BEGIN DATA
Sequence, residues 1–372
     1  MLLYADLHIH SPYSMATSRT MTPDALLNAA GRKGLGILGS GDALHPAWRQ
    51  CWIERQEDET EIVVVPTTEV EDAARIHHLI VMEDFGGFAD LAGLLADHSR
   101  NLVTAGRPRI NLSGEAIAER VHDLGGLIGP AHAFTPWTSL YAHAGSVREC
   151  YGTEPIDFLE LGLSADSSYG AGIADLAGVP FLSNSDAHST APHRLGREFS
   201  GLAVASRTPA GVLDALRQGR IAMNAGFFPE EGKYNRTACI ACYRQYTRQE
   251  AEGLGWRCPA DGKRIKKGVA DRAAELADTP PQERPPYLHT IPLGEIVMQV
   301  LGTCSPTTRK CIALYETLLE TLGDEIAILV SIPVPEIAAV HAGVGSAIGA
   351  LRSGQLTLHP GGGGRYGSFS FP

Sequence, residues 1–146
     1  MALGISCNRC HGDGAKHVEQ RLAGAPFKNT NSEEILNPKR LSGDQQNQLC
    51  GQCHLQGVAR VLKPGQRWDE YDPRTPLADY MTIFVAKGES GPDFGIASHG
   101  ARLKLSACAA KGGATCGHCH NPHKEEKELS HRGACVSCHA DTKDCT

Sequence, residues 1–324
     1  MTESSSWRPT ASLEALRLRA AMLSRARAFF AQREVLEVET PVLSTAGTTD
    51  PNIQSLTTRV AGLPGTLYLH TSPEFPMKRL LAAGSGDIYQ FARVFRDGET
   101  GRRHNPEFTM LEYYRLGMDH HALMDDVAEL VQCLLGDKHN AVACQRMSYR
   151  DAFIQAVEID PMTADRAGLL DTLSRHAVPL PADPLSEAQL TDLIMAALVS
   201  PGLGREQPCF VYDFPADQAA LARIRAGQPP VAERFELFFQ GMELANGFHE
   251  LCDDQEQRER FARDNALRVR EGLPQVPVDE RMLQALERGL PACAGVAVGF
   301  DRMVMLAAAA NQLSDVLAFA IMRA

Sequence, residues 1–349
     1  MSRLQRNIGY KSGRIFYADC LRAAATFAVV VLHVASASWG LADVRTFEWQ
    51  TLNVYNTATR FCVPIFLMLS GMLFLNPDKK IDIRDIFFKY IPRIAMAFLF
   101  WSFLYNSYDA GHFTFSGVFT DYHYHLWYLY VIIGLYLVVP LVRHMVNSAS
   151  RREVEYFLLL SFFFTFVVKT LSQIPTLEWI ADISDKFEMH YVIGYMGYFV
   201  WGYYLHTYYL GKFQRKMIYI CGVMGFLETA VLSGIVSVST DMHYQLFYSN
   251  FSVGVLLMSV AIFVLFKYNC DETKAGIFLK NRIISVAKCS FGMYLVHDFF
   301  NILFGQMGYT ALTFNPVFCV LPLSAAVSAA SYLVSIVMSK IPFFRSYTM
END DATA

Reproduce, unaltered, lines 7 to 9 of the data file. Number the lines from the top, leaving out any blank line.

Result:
   251  AEGLGWRCPA DGKRIKKGVA DRAAELADTP PQERPPYLHT IPLGEIVMQV
   301  LGTCSPTTRK CIALYETLLE TLGDEIAILV SIPVPEIAAV HAGVGSAIGA
   351  LRSGQLTLHP GGGGRYGSFS FP